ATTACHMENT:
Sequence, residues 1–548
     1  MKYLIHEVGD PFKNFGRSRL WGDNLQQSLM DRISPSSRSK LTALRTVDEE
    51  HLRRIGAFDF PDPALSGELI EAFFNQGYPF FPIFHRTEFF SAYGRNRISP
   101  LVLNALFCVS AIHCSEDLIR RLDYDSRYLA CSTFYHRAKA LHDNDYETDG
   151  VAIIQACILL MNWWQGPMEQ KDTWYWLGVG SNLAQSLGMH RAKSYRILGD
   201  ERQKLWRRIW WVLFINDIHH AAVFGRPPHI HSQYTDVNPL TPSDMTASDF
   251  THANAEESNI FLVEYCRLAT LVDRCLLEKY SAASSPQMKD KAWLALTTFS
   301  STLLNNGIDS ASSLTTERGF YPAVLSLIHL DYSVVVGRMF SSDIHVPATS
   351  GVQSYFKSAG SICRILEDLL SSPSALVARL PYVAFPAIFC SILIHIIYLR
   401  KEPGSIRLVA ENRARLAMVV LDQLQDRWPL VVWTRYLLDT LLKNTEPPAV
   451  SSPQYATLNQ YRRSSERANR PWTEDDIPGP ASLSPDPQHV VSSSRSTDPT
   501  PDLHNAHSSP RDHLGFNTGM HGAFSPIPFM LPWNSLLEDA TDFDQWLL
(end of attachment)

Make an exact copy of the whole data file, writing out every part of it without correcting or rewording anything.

Sequence, residues 1–548
     1  MKYLIHEVGD PFKNFGRSRL WGDNLQQSLM DRISPSSRSK LTALRTVDEE
    51  HLRRIGAFDF PDPALSGELI EAFFNQGYPF FPIFHRTEFF SAYGRNRISP
   101  LVLNALFCVS AIHCSEDLIR RLDYDSRYLA CSTFYHRAKA LHDNDYETDG
   151  VAIIQACILL MNWWQGPMEQ KDTWYWLGVG SNLAQSLGMH RAKSYRILGD
   201  ERQKLWRRIW WVLFINDIHH AAVFGRPPHI HSQYTDVNPL TPSDMTASDF
   251  THANAEESNI FLVEYCRLAT LVDRCLLEKY SAASSPQMKD KAWLALTTFS
   301  STLLNNGIDS ASSLTTERGF YPAVLSLIHL DYSVVVGRMF SSDIHVPATS
   351  GVQSYFKSAG SICRILEDLL SSPSALVARL PYVAFPAIFC SILIHIIYLR
   401  KEPGSIRLVA ENRARLAMVV LDQLQDRWPL VVWTRYLLDT LLKNTEPPAV
   451  SSPQYATLNQ YRRSSERANR PWTEDDIPGP ASLSPDPQHV VSSSRSTDPT
   501  PDLHNAHSSP RDHLGFNTGM HGAFSPIPFM LPWNSLLEDA TDFDQWLL